Ottawa, ON: Today, on November 12, the Supreme Court of Canada (SCC) begins hearings on the Senate Reference. Among other questions, the federal government has asked the SCC to examine the constitutionality of various term limits for Senators. With momentum gaining speed for reform to the Senate, which could include term limits, the SCC ought to be subject to a term limit as well.
The SCC has emerged as a powerful body for public policy debate in Canada, largely as a result of its power to interpret the Constitution, principally the Canadian Charter of Rights and Freedoms. Since the adoption of the Charter in 1982, the SCC has become one of the most formidable players in Canadian politics.
Despite recent reforms to the manner in which SCC judges are appointed, the SCC is still largely an extension of the power of the Prime Minister who appoints its judges. This aspect of the appointment process is compounded when one Prime Minister or federal political party remains in office over the period of several elections. This currently allows a Prime Minister who is no longer in office to effectively dominate the SCC with their appointments who will remain on the bench long after they have retired or lost an election.
www.termlimits.ca is a proposal to limit the judicial tenure of appointed SCC judges to a fixed non-renewable term of 12 years. This would only apply to new appointments; current sitting judges would not be affected. The start of terms for new judges on the SCC would be staggered two years apart so that two judges will retire from the Court during every four year federal government term in office, given the operation of fixed election date legislation. The mandatory age of retirement of 75 years of age would remain in force. This proposal would serve to rejuvenate the SCC on a regular basis and enhance their legitimacy and functioning.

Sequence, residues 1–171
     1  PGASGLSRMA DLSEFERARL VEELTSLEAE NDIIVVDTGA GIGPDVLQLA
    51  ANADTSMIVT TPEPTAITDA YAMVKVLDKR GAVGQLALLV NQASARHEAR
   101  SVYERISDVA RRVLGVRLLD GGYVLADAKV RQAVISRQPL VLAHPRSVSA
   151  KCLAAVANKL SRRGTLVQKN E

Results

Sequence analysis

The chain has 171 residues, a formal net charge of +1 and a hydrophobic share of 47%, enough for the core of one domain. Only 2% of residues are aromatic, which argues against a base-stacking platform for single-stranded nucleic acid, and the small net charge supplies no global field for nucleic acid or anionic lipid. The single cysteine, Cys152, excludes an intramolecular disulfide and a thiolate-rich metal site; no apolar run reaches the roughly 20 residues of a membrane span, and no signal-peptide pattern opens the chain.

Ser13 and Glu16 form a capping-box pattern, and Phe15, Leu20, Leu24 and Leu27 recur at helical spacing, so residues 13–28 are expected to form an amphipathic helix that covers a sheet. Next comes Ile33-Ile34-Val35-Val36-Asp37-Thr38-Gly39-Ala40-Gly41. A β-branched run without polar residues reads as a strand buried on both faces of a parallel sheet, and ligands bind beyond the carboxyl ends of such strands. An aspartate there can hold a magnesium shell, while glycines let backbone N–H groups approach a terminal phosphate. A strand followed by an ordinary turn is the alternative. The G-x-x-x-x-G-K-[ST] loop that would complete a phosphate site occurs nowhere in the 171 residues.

A judicial term limit would also be consistent with practices in other similar European countries and more in line with modern democratic norms. Most democratic countries provide for some sort of term limit for constitutional judges of between six and twelve years. Under our proposal, SCC judges would not have to seek office, seek reappointment, or concern themselves with the political popularity of their decisions. Security of tenure would not be affected because a judge could not be terminated during his or her term without cause (SCC judges will continue to hold office during “good behaviour” as is currently the law).
“A fixed 12-year non-renewable term limit for Supreme Court of Canada judges would be an improvement over the current status quo, consistent with democratic norms around the world, in addition to allowing for regular renewal on Canada’s highest court”, said Chris Schafer, executive director and lawyer with the Canadian Constitution Foundation (CCF).